That small Catholic Publishing house was part of the problem. I belonged to a national association of church musicians where all these Catholic publishing houses flocked to sell their music. The music that had the most sales was the newest music that was chosen for the liturgies of the annual convention. We all gathered there, and sang the music, clapped our hands and took the best music home to try on our unsuspecting congregations. This was liturgy as a commercial operation.
What we had to say about this music was how it made us feel. We felt important; we were worth something. It felt like prayer. For the moment, we were deeply devoted, caught up in the mystery and the energy of the faith. It was a great feeling but it was gone by morning.
What we had to say about this music is that it made us feel at home. One heterodox DRE was heard to exclaim: "Lady of Spain"....one of my favorites! Also, you know, I can just see the Entrance Procession done to a well-rendered Polka! The costumes, the make-up, the flags...!” Whether Polish, Hispanic, Asian or white American, all this music affected us where we live. The faith had visited us and made it part of our experience. That is when I saw the danger of this approach. Our experience was what mattered.
So whatever you brought to the liturgy was acceptable. It could be enfolded in this mystery. There was never any mention of sin. No one spoke of confession. Indeed, with these national conventions on liturgy, with dozens of priests attending, no one mentioned confession, and no one was made available for confession.
And indeed, if the liturgical experience could change from generation to generation, from culture to culture, what was to prevent the faith from changing? Also, have not other authors spoken of the loss of asceticism in modern religious life in giving rise to all sorts of abuses.
The turning point came for me around the turn of the century (2001). It was an argument and the argument centered on a particular text from the Great Vigil at Easter, the Exultet. He insisted that he had the right to use this cool new text and tune from this famous composer. (By the way, the composer was not a Catholic.) I took the side that we did not have the ability to alter the text of the Mass. The problem was that the cool new text and tune resonated with the hearer, it better represented his prayer. He had determined that the ancient text was inappropriate for modern people, and that he was responsible for creating the experience for these people. Our experience was what mattered.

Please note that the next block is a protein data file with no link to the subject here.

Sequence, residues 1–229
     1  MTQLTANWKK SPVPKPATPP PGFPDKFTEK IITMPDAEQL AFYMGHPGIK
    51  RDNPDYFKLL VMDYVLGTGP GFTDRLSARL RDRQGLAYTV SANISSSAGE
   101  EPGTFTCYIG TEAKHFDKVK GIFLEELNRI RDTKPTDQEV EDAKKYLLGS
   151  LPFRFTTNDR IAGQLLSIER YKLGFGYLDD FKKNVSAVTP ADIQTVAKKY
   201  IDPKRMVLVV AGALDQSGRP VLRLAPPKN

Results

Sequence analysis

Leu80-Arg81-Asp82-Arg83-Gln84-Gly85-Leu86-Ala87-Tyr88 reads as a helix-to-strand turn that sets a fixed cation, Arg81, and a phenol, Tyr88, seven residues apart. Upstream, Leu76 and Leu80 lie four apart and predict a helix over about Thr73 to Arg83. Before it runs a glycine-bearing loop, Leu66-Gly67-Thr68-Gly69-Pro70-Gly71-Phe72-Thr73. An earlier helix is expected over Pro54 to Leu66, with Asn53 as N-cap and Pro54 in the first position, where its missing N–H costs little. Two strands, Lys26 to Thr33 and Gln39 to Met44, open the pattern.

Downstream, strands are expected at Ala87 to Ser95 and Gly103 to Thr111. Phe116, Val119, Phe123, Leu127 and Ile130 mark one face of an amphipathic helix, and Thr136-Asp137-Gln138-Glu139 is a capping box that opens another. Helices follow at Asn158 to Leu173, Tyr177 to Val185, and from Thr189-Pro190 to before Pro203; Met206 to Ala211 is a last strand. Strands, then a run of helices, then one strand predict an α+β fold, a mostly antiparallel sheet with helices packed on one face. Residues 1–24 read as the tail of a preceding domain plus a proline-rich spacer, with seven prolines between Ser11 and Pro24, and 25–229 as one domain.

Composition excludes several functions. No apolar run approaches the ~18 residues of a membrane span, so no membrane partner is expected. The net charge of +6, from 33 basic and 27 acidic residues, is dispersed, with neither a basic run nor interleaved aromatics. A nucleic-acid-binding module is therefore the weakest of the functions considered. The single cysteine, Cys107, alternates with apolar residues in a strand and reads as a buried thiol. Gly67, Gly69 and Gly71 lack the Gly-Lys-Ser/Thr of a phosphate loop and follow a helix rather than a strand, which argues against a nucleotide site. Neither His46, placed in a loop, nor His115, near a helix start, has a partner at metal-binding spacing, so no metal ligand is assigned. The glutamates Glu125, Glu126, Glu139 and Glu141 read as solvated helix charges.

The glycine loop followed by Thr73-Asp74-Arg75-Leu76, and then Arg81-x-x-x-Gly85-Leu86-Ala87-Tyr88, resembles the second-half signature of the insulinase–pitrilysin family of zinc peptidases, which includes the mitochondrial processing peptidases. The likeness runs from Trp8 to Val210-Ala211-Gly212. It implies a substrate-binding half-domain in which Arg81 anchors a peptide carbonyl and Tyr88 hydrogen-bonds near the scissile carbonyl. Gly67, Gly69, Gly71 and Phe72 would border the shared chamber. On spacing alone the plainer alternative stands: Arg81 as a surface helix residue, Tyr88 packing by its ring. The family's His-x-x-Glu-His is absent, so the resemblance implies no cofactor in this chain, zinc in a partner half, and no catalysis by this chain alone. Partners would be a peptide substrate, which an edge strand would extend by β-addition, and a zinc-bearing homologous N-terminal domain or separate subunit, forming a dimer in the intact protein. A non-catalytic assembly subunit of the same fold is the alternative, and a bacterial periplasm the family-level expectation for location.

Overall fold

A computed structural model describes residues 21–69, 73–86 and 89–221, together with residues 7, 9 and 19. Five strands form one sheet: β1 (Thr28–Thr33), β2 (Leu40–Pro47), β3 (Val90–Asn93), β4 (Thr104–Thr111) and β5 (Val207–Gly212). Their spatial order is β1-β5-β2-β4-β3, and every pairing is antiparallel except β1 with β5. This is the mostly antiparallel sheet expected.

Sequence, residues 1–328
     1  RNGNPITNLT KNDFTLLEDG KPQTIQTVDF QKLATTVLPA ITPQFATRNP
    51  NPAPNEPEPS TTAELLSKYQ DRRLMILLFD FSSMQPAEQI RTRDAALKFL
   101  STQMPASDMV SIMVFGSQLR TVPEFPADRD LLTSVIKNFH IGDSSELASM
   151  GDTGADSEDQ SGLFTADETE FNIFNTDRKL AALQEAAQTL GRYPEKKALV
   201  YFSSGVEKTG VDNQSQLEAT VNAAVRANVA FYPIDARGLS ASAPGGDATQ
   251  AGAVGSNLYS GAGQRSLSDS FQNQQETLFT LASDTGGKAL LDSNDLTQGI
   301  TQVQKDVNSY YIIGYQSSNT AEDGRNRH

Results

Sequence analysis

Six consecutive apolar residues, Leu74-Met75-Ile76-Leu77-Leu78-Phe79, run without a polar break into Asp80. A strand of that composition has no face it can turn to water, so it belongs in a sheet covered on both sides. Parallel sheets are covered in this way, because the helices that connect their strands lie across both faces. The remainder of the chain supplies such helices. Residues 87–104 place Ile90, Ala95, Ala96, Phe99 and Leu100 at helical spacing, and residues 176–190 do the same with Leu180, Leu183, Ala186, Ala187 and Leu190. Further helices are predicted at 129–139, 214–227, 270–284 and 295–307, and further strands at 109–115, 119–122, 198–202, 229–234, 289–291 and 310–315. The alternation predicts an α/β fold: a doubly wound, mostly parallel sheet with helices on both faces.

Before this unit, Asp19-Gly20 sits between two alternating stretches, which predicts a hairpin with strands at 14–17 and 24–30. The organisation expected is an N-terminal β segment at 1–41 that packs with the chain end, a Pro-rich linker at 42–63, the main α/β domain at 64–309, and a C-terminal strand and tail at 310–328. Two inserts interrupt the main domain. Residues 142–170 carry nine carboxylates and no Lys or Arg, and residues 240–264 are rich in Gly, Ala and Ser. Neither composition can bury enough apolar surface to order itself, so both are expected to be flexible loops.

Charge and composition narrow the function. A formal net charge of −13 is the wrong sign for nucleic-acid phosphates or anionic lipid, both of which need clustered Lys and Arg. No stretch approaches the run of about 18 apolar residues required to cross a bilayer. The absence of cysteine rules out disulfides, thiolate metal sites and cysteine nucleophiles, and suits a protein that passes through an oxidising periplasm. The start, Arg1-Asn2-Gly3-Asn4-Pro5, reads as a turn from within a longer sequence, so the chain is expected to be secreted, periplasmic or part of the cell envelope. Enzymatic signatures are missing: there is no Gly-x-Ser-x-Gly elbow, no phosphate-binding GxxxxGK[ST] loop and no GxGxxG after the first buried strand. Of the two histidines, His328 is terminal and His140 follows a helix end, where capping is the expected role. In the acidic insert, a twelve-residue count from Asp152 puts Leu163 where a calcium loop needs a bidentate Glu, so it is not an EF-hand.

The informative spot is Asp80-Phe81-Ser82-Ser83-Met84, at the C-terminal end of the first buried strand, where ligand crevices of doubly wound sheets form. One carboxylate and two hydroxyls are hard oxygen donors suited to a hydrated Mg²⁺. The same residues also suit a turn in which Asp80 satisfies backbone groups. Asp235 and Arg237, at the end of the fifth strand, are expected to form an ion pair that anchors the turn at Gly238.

So when you see a contemporary liturgy, do you see there the rise of same-sex relationships, the increased use of contraception and abortion, the proliferation of marriage without sacrament, and indeed, second marriages without annulment or sacrament? Why would we be faithful to the tradition or the sacraments, if whenever we go to church no one is being faithful to liturgy or church or sacrament? There was a time when a catechist was heard saying it was fine if you did not believe in Jesus. When I questioned that catechist’s fitness for the ministry, I became the mean one. And don’t check on whether your catechist or religious educator was married in church. You might have no volunteers. Any attempt at purity will be rejected by the semi-Arian church. Our experience was what mattered.
There are two different churches living side by side. One is concerned for itself. The liturgy must make me feel good. Our experience is what matters. Father is turned toward the people and we are centered on ourselves and our experiences. If I do not have a good experience, then I must complain and withdraw my funds of support. When you mention to them that they are using 19th century styles and protestant forms, they tell you to go read Acts 2, about the birth of the Catholic Church. The problem is that there are no videos from the first century, and the hard evidence is of a completely different experience. I remember a charismatic Christian referring to the Propers we sang as lacking the Spirit of God. He did not realize that what he just said was that the Word of God lacked the Spirit of God. What he counted as evidence of the Spirit was the guitars and the drums and the highly emotional content of the music. He said, “The Holy Spirit is alive today... in ways not limited to, but certainly such as this.” I am sorry, but the only time you may be absolutely convinced of the Spirit of God is when you have fallen into total silence and opened yourself to the Word you have heard.
The other church is centered on Christ. It is turned toward Christ, and it is so immersed in the great mystery of the Incarnation that we might be converted to Christ and even transformed by Him. When I approach the liturgy, it is not to change it or alter it in any way to suit my preferences. I am there to be transformed by Him, to be changed into His likeness. My experience is that I do not belong here. I am a sinner and I should not even be allowed to approach. It is only by His mercy that I am enfolded in this mystery and given the opportunity to change myself into His likeness.
Omnia Christus Est Nobis
Christ is everything for us!
I am a Roman Catholic Priest from California. I spent 13 wonderful years years as a member of the Province of the Pacific in the Missionaries of the Precious Blood. The outline of my life can be traced here.